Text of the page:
Department of Energy Argonne National Laboratory Office of Science NEWTON's Homepage NEWTON's Homepage
NEWTON, Ask A Scientist!
NEWTON Home Page NEWTON Teachers Visit Our Archives Ask A Question How To Ask A Question Question of the Week Our Expert Scientists Volunteer at NEWTON! Frequently Asked Questions Referencing NEWTON About NEWTON About Ask A Scientist Education At Argonne Determining Strength of Levee
Name: Morgan
Status: student
Grade: 6-8
Location: NC 
Country: N/A
Date: 10/25/2005


Question:
If and when they fix the levee in Louisiana, how will they measure if it is repaired? What devise can be used to measure it? How will you know it is repaired?


Replies:
Hi Morgan,

I think that your question really has two parts to it. First, the levee was intended to hold back the water from flooding the city. The levee can be considered repaired when it is restored and it is holding back the water under normal conditions. Engineers can calculate the pressures on the levee due to the water and build accordingly.

The second part, and what I think you are really asking, is "How do we know that the new levee with withstand another Hurricane?" The answer is that we will never know until it happens again. Engineers can try and estimate what pressures and forces the levee might encounter, but mother nature is powerful and unexpected.

Bob Hartwell


The design relies on sampling the underground soils, computer models to determine the wave heights and forces. Then computations to determine the width of the base, the slopes of the sides and the top width are made. The properties of the fill used to form the levee are known. The construction is monitored and samples taken. As with anything that is made, if all the specifications and drawings are followed, there is the confidence that it will work. When it comes to soils, there can be localized failures, settling or sloughing off. So, there is monitoring to identify spots needing repair. For existing levees when there are patches etc. the assumptions and computations become complicated. What part is old and in what shape.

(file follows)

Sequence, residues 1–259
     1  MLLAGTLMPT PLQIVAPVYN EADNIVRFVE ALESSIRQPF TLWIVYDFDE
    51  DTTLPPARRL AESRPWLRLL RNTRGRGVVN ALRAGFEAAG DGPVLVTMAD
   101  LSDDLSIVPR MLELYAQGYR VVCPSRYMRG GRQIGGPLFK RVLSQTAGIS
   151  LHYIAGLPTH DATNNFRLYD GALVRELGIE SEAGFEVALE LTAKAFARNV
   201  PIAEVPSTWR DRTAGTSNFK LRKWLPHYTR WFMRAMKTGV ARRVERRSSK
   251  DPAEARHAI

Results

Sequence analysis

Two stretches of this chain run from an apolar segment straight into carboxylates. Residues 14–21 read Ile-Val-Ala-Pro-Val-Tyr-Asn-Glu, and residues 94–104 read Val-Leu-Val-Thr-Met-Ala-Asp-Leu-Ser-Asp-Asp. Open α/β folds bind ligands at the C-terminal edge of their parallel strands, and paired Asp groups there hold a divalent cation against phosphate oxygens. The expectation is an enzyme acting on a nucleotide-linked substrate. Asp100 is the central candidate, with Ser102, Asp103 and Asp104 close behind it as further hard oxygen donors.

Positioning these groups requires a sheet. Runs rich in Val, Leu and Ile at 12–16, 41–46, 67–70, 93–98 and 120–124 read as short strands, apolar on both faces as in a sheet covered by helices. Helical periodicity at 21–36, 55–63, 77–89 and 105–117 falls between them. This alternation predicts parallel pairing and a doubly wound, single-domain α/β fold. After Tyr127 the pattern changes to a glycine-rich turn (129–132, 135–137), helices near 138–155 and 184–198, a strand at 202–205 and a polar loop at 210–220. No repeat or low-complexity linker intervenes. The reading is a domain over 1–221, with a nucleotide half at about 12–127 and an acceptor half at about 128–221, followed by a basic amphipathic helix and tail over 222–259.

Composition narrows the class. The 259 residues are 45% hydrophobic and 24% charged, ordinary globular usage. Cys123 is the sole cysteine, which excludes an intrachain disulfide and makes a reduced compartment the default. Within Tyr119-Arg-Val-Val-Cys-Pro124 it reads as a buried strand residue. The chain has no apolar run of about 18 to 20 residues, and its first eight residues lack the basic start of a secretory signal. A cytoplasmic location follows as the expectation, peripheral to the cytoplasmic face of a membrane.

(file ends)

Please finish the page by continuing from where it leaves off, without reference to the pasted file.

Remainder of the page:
To measure performance, the levees themselves may contain equipment which can record the moisture, or condition of the soils. An example, consider snow , you can tell "good packing" for snow balls, that is the percent of moisture present. Dry fluffy snow does not make "good packing". Equipment can measure the water content in the levee. Think of the houses in California that slide down the hills, during the heavy rains. The failure is in the water filling the pores between the soil particles, so levees can be monitored, but during the hurricane, the conditions are life threatening to go out and read gauges, and reading devices removed from the site, rely on electricity, which can go out.

So, often, you have to wait till the storm passes to check them.

James Przewoznik



Click here to return to the Engineering Archives

NEWTON is an electronic community for Science, Math, and Computer Science K-12 Educators, sponsored and operated by Argonne National Laboratory's Educational Programs, Andrew Skipor, Ph.D., Head of Educational Programs.

For assistance with NEWTON contact a System Operator (help@newton.dep.anl.gov), or at Argonne's Educational Programs

NEWTON AND ASK A SCIENTIST
Educational Programs
Building 360
9700 S. Cass Ave.
Argonne, Illinois
60439-4845, USA
Update: June 2012
Weclome To Newton

Argonne National Laboratory